The man was angry at the newspaper and maybe crazy enough to do something terrible.
That sentence could be uttered by countless journalists, including me. But the person we’re hearing from now is Tom Marquardt, the former, longtime head of the Annapolis, Md., newsroom, where the feared but unthinkable happened yesterday: five people at the Capital Gazette were shot to death.
One of the things I loved during my 38 years at The Saratogian was working in the heart of the little city we covered in a building where people walked in off the street to bring in a news tip, a dean’s list announcement, a complaint.
That openness is one of the things that scared me, too.
After past violence, news companies barricaded the public from the community they serve, converting their walk-in newspapers into fortresses accessible with badges and keypads. I’m skeptical about security; the Capital Gazette killer blasted through a glass door. In any case, at The Saratogian and other small papers, no such protection ever existed.
You can bet I was nervous when I was the last one in the building, way after dark, after going to City Court over a man who threatened to rape me. City police made official visits to a handful of others who scared us enough to report. One man was ordered to stop contacting a reporter, to stop showing up where she was covering news (that he had no business at), to stop waiting near her car. Others were told by police that the newsroom was off limits. For a while, someone sent streams of weird and frightening astrological messages to me and, it turned out, other area journalists; police talked him into stopping.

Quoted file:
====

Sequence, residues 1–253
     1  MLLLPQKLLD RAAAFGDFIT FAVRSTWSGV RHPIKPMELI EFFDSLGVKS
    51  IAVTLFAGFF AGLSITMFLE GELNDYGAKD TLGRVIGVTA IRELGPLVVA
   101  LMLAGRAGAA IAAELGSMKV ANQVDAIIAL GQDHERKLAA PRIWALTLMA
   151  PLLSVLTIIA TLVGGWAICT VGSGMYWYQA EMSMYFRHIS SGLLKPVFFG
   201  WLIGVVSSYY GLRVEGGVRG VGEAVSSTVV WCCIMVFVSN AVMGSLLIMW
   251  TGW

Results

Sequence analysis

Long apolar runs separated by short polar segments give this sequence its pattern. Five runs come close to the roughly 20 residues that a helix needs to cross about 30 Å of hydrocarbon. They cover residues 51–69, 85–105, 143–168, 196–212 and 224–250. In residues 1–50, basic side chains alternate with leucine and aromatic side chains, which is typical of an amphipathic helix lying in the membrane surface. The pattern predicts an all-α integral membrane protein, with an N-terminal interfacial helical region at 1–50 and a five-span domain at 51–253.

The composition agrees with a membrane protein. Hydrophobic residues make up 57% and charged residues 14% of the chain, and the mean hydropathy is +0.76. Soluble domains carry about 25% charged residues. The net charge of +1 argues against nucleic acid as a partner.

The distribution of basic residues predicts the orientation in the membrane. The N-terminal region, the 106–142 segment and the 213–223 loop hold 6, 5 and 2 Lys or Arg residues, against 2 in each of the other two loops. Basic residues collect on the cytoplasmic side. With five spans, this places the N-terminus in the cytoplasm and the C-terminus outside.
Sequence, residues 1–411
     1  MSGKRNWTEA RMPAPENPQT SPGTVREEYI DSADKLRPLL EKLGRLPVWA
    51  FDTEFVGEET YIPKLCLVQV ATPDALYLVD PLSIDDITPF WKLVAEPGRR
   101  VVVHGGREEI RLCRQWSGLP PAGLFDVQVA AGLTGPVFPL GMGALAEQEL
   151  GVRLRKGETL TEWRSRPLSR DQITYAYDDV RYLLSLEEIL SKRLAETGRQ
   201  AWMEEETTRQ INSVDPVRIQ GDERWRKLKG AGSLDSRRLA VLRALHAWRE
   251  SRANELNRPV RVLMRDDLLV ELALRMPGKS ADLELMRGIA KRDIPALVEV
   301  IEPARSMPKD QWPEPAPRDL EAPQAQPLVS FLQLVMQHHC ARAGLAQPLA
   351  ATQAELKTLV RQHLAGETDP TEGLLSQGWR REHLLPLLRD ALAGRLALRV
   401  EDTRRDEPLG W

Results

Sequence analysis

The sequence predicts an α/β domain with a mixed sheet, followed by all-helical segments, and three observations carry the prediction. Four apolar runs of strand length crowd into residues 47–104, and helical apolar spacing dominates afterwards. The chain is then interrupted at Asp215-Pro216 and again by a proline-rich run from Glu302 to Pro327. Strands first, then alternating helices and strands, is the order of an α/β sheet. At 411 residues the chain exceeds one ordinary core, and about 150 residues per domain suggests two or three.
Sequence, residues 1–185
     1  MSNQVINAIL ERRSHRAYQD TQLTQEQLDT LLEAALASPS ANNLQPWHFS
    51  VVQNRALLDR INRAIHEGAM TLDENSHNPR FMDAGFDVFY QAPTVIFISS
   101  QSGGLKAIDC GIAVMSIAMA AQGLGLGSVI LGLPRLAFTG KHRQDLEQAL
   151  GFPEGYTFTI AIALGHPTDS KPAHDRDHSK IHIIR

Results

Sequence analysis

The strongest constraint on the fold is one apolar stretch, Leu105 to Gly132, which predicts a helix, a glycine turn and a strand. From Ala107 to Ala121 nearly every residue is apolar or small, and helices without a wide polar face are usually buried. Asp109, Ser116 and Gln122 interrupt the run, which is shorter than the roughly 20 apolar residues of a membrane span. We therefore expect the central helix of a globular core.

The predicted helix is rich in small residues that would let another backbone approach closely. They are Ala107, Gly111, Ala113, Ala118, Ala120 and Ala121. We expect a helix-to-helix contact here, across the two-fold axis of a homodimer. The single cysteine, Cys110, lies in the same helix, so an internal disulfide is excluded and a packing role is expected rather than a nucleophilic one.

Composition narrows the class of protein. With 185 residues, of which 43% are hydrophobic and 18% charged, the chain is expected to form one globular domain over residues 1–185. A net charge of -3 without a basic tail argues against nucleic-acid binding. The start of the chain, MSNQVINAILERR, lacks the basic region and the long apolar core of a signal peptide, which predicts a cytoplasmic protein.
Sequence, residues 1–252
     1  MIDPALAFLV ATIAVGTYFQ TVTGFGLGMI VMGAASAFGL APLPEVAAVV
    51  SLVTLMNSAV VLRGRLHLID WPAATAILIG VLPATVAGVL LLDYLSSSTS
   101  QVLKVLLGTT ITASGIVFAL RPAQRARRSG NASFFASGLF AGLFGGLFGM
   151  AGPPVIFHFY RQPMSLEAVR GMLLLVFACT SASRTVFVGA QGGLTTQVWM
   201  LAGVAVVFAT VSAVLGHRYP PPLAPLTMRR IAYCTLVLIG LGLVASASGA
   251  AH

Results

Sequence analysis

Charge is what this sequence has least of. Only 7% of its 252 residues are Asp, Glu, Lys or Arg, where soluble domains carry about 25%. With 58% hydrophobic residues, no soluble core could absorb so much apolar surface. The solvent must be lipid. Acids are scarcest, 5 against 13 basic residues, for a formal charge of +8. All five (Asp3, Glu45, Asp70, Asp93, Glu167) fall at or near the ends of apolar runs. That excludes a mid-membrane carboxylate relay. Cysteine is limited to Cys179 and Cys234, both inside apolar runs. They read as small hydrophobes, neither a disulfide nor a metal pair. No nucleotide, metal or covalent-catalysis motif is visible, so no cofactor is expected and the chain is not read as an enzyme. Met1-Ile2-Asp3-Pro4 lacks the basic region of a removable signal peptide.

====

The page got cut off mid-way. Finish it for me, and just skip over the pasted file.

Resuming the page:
But a talking-to by police at the request of the Annapolis newspaper wasn’t enough to stop that shooter.
I remember Tom Marquardt as a respected newsman from my long-ago involvement in a national managing editors’ group. At his newspaper, like mine (on a smaller scale), staffers wear many hats, juggling multiple beats, writing and editing for ancillary publications, putting in crazy hours. Newspapers tick people off all the time. You just keep doing your job, knowing some people will hate you but figuring the odds of being safe are in your favor.
My heart breaks for all the victims of such violence – schoolchildren, police officers, anyone in the wrong place at the wrong time, and their loved ones. Every loss is a tragedy. And I don’t want to make this political. I’m not blaming the president for the Annapolis shooter, who has been at odds with the Capital Gazette for several years.
I do, however, want the president to tell the world that, contrary to his repeated statements, journalists are NOT the enemy of the people.
Journalists are compulsive story-tellers who love their jobs — whether it’s exposing wrongdoing, raising issues or public concern, covering a game, celebrating people’s milestones — and know their work is important to their community.